Pomeroy Explosive Bullet

I am looking for details on this. I understand it was invented in 1902 – when was it first mass-produced? How much did it cost compared to normal ball ammunition?
In which calibres was it made? Tony Williams mentions in FLYING GUNS at least .303 British, .450 Martini-Henry, and .450 Gatling-Gardner. What about 12-bore shotguns or other rifle or even pistol calibres?
How much nitroglycerine did it actually contain? How was it prevented from blowing up while being transported or loaded? Could it only be used in manually loading weapons or did it stand the stress of cycling in a machine gun?

Many thanks!



I am on the road at present but will answer your questions at the weekend when I am at home.

The short answer is that it was never mass produced commercially, but only in British military calibres during WWI plus some experimental ammo in the US.

More details later.


Werent they also tried in 11mm Vickers cartridges against balloons or blimps? Im sure I have seen them with a bulbous shaped projectile that was explosive

[quote=“TonyE”]The short answer is that it was never mass produced commercially, but only in British military calibres during WWI plus some experimental ammo in the US.

More details later.[/quote]

Thanks Tony! Any update on this?



I will try to get a note done this evening (UK time)


Well, I have finally got round to answering the question about Pomeroy. My apologies for the long delay!

Mr.J.Pomeroy was a New Zealander who travelled to the United Kingdom on the outbreak of war in 1914. Little is known of any experiments he carried out in New Zealand with his explosive or incendiary bullets and I have no record of any work as early as 1902.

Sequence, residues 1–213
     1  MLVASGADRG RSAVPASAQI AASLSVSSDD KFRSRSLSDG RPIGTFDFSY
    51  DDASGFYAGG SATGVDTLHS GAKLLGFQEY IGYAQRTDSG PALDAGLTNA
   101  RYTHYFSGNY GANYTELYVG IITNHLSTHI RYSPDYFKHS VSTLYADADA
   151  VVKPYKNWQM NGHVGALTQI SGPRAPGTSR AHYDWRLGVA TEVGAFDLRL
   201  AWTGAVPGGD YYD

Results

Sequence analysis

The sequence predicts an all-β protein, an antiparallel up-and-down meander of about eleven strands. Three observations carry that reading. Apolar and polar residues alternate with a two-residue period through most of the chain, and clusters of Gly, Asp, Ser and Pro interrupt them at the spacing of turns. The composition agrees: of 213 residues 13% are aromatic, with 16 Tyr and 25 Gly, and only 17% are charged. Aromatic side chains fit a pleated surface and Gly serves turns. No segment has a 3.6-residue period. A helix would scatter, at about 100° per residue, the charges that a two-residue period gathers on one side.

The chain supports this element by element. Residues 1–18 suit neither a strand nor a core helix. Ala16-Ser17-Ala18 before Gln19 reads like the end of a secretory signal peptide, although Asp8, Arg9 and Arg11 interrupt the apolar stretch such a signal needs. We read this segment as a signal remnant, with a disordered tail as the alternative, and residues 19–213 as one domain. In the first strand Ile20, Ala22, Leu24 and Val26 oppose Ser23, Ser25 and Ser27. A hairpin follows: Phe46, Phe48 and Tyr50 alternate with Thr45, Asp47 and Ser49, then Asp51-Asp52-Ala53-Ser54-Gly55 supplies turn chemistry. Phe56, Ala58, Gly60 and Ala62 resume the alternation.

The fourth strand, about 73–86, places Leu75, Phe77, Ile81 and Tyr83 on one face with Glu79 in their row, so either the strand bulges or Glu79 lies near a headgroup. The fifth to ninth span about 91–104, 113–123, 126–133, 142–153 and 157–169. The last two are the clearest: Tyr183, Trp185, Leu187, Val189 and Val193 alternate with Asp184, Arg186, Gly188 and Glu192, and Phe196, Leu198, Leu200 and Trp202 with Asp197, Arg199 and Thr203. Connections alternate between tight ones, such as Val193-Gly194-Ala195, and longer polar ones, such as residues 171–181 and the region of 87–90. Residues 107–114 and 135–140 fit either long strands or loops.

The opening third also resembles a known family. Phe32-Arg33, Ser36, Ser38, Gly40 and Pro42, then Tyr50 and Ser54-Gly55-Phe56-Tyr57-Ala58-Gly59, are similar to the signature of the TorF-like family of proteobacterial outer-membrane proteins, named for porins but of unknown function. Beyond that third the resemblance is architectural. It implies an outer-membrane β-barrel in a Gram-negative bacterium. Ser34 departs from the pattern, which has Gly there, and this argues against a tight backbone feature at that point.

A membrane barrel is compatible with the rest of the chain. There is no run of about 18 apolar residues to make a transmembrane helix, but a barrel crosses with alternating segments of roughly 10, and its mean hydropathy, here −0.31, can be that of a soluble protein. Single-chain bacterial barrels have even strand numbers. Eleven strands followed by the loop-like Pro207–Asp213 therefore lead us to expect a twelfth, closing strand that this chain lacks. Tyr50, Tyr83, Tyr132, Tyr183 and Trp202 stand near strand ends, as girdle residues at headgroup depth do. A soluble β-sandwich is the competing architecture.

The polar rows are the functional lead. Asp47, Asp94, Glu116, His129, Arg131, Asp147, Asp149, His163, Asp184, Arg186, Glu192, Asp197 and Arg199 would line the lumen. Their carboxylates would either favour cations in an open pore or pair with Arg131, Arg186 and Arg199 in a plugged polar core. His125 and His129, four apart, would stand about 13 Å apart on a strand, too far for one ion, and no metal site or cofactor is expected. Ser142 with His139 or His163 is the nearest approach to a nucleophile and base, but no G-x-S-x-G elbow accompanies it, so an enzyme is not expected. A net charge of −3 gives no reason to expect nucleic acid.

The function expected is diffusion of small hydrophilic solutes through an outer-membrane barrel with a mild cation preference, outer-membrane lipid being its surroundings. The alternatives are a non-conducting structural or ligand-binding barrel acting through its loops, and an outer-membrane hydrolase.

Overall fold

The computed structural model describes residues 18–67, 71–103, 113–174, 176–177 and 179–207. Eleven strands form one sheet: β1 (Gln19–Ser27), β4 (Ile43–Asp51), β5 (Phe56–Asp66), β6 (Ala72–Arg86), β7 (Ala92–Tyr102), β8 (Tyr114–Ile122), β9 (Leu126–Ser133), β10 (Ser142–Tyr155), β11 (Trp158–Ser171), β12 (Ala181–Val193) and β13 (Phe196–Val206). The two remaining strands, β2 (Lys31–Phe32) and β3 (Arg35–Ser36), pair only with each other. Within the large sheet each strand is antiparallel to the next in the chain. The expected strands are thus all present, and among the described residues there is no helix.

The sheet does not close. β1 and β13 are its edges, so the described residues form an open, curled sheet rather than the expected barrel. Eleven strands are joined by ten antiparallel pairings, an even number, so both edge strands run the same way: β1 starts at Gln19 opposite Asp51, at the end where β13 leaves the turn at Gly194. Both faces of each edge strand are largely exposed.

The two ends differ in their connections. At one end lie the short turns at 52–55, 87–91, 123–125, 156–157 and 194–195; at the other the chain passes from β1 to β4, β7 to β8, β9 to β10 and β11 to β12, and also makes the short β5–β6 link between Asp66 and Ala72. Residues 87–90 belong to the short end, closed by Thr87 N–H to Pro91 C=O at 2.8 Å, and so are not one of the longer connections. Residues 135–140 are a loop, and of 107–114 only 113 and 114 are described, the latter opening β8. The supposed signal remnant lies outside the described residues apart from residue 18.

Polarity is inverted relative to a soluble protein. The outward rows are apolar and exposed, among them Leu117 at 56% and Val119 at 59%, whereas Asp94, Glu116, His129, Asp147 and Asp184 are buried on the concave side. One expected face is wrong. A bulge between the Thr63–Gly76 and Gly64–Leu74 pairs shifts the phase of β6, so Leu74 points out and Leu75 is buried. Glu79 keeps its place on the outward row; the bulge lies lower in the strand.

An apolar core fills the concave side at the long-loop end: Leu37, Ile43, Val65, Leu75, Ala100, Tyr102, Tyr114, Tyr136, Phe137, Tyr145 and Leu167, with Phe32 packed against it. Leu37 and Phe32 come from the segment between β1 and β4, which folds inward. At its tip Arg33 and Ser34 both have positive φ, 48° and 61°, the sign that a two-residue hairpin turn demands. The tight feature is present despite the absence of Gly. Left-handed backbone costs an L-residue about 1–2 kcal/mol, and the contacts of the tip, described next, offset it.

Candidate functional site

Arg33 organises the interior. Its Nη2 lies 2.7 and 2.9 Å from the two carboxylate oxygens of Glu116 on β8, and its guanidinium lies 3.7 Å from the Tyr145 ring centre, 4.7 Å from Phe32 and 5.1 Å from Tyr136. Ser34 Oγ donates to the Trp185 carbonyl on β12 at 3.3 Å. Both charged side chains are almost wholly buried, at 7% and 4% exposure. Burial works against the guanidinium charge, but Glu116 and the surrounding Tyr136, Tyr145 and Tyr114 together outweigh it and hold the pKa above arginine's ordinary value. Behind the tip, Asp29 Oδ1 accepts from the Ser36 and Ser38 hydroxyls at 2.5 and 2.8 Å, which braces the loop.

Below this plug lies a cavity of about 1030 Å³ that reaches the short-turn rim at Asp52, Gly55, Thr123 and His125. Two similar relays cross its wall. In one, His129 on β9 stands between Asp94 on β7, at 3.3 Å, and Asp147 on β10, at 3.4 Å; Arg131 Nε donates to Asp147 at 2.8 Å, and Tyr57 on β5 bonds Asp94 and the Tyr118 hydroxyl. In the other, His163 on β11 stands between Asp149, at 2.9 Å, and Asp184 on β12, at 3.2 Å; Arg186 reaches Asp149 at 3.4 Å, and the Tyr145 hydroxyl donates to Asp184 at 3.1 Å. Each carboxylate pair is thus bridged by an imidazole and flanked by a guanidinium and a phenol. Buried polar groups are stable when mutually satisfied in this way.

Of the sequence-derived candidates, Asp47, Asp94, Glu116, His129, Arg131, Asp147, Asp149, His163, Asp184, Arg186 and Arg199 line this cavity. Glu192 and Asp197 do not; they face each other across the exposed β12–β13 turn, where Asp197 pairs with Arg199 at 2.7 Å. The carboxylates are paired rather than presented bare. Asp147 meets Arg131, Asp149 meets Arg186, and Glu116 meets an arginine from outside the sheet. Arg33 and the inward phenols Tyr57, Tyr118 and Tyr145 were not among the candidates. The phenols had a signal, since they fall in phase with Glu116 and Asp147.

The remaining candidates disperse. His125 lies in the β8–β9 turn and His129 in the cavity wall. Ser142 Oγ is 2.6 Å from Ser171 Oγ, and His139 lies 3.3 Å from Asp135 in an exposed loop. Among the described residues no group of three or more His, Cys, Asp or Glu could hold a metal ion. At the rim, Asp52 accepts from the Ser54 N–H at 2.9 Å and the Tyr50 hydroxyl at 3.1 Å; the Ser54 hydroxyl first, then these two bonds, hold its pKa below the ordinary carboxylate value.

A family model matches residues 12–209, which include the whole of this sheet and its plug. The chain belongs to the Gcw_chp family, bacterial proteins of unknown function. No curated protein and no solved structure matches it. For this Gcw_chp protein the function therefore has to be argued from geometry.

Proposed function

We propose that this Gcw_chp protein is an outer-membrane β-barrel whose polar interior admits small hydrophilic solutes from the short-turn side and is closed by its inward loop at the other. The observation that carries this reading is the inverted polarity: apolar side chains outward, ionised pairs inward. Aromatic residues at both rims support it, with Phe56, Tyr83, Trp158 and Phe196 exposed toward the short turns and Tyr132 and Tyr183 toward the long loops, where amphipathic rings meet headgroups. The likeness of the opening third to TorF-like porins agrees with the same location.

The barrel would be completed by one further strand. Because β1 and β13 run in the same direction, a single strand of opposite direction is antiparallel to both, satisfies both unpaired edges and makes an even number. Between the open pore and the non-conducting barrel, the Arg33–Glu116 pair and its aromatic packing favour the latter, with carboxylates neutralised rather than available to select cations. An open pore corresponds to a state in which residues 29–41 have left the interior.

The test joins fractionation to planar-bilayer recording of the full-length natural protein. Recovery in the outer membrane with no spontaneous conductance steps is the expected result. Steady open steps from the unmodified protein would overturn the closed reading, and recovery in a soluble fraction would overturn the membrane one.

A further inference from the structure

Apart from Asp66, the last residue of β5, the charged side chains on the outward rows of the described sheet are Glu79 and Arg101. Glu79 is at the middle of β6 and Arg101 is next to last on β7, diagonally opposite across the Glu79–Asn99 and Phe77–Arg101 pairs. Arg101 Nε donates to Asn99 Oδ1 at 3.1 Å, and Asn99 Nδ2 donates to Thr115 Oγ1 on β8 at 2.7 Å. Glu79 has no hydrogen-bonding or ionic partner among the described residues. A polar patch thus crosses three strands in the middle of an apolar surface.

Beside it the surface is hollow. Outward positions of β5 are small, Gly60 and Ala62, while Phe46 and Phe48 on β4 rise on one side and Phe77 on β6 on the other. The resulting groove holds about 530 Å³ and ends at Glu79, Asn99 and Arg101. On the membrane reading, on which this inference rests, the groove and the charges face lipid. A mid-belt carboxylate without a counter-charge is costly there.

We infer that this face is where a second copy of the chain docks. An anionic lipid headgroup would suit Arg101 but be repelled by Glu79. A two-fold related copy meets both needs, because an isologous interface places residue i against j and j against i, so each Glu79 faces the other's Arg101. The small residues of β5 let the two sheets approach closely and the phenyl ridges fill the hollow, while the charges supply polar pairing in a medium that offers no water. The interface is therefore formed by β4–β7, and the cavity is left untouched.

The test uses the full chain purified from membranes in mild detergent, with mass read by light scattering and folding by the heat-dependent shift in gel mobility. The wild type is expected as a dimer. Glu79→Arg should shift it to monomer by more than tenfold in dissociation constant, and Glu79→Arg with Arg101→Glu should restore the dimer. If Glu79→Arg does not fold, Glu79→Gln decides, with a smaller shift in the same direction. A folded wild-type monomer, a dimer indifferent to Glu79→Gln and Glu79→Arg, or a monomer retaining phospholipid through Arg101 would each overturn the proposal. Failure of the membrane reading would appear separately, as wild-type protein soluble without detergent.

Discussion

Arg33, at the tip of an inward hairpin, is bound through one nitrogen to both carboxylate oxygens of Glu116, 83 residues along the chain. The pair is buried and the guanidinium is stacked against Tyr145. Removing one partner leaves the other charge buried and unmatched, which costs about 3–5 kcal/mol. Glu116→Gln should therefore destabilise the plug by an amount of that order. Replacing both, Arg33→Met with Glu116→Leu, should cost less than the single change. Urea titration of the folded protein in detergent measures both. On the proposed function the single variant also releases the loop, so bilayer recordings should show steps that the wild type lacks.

Pomeroy first submitted his designs to the British authorities on 27 Aug 1914 but was turned down by the War Office. He returned to Australia in October 1914 where he demonstrated his designs to the Australian, New Zealand and American authorities. The Us military attach

TonyE–a really GREAT rundown on the Pomeroy bullet.

I have a question about one of your statements.

“Based on the success of the .303 pomeroy, in December 1916 successful trials were held with .45 Colt bullets against Zeppelin fabric, followed by 1 inch Nordenfelt and 37mm Pom=Poms with a .303 Pomeroy warhead in the nose to act as a fuze.”

Does the reference to “.45 Colt” bullets mean .45 Colt Revolver with a Pomeroy style bullet? I have collected .45 Colt Revolver for over 40 years and have never heard of such a round. Can you post a picture or description of this round?

Well done Tony, a very informative reply. I was impressed by the notes on one drawing:

M-H solid drawn case
220 Grain bullet
MV 3000 fps
19 tons per sq. inch.

Now that is a pretty impressive load, with an explosive bullet too!


Many thanks, Tony! That was most informative. You wouldn’t happen to have similar detail on the 12-bore Chain Shot round?



Did they use the original Pomeroy at all? In .30-06? Was any explosive bullet in service with the US military during the 1920s and 1930s? Thanks!




Ron - I am afraid I can shed no more light on this.The only source is a trial report that mentions “.45 Colt” but does not say whether that is Long Colt or ACP. Bearing in mind that Pomeroy paid for most of this experimentation himself and frequently loaded his bullets in “civilian” calibres, it could well be long Colt. In the June 1916 demonstration he used .375 and .600 cartridges and had originally used .45 Winchester (.45-90?).

None of Pomeroy’s original trial rounds have survived as far as I know so we can only speculate!

HCV - I have already published quite a lot on the early 12b rounds used by the RNAS, including the Buckingham and the Chain Shot in Part 2 of my “Secondary Small Arms”, but I will put a short post together later. PM me for details of the books.

As for the US trials, Chris P can probably answer for the .30-06, but see Hackley, Woodin and Scranton for all calibres, .30, 11mm and .50.